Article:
The Walt Disney Co. and CEO Bob Chapek are under fire for their perceived slow reaction to the “Don’t Say Gay” bill that recently passed the Florida Senate. It now heads to Gov. Ron DeSantis, who is likely to sign it into law.
The fallout from that legislation touched Hollywood this week, as Disney employees lashed out at the company’s initial hesitation to get involved.
We live in a world where corporations now have to take sides, Bill Maher noted during his Real Time conversation Friday night on HBO. He posed the question about whether inserting themselves into politics and social issues is a good thing to panelists Kristen Soltis Anderson, the pollster and founding partner at Echelon Insights, and Max Brooks, the author of World War Z and a senior resident dellow at the Atlantic Council, a nonresident fellow at the Modern War Institute at West Point, and host of Max Brooks Breaks Down on YouTube. .
“In most cases, no,” said Soltis Anderson, who noted that ten years ago, leftists would have been against corporate activism, and are now the ones calling for it. However, she said, “Disney does sell values,” and is tied closer to that than the average company.
Brooks said anyone who makes money takes a stand. But, he said, “As a consumer, I have a choice. When Disney comes out with Mulan 2 and she wants to fight the Dalai Lama, I can say goodbye.”
Maher sounded a familiar theme of his based on those reactions, about how “We’re becoming a country where we have nothing in common.” He added that America “needs more neutral things.”
“Most Americans are with you on that,” Solitis Anderson said.
In the monologue to close the show, Maher took issue with the increasingly blurring of brand identities. He called out TLC and A&E, which have moved away from their roots of learning and arts and entertainment into reality shows.
“The History Channel has no history, and MTV has no music,” he railed. “You can buy a petting zoo and turn it into a bondage dungeon, but you gotta change the sign.”
Playboy’s attempt to do away with nudity in an ill-fated move drew Maher’s ire. Taking the nudity out of the magazine “was like taking cats out of Cat Fancy,” he said. On a similar path, Sports Illustrated’s swimsuit issue now celebrates “all kind of bodies except the good kind.”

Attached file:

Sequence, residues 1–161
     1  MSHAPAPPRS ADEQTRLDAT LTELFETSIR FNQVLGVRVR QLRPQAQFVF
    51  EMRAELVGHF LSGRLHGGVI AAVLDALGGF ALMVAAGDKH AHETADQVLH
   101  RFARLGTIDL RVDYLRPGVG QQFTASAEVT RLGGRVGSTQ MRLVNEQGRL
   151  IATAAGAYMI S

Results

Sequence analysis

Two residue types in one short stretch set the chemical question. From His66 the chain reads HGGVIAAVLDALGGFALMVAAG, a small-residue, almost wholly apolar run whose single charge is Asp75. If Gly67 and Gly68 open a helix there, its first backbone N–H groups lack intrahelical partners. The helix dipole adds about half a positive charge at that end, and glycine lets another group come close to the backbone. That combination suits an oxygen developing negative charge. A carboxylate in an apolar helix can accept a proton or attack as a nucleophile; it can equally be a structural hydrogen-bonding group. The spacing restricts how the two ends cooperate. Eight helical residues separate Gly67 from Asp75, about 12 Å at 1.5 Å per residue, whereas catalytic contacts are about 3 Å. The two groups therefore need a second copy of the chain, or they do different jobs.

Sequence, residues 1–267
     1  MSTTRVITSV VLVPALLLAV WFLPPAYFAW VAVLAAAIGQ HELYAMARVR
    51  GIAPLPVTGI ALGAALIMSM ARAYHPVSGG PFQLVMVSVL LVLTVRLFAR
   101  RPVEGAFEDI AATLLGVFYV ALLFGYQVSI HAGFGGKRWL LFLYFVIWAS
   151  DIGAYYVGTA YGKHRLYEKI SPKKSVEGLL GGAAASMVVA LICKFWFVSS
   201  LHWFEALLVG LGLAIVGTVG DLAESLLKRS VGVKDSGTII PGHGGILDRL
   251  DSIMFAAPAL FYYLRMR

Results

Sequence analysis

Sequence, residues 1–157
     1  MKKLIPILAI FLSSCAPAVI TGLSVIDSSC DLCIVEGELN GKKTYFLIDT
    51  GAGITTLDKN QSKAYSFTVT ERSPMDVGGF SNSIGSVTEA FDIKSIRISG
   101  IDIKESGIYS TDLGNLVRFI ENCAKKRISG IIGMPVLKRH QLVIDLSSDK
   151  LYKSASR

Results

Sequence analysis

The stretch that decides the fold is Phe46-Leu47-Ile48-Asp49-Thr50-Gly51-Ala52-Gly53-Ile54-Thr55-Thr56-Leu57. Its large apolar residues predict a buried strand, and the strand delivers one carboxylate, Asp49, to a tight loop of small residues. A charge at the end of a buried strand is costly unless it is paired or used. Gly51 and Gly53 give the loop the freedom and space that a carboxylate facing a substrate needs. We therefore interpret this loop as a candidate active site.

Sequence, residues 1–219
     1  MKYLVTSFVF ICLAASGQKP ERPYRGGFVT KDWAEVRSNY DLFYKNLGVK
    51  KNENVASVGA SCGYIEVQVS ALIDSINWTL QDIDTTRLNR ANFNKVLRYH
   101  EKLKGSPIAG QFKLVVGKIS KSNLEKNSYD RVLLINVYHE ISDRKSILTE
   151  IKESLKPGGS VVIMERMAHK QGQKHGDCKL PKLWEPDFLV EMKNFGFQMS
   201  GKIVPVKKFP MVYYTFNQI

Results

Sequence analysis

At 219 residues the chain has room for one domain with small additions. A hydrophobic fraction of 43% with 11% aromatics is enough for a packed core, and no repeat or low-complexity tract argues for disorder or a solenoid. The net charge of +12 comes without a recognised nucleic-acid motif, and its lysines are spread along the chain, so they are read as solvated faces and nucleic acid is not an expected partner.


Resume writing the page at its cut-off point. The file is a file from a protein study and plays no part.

“Was it really such a crime to have one magazine once a year to have supermodels attempt to hide their nipples?” Now, SI seems “edited by the Huffington Post.”
Valentine’s Day, the Boy Scouts, and ACLU came in for further lumps for changing their brands and missions. But Maher saved his final point for the Republican Party, which Maher accused of representing “a form of government you don’t believe in.” The answer to addressing that is to rename it to “The Trump Party,” he concluded.
Earlier in the show, Maher’s guest was Ernest Moniz, the former US Secretary of Energy and now CEO of the Energy Futures Initiative.
Moniz delivered messages that were equal parts gloomy and hopeful. While he allowed that a full-scale nuclear exchange was not out of the question, given Russian President Putin’s “rather reckless language,” he also allowed that fusion energy – a long-sought goal for creating clean, cheap energy – is “closer than you think.” He predicted private industry would introduce it in this decade, perhaps leading to a fuller expansion in the public sector in the years to come.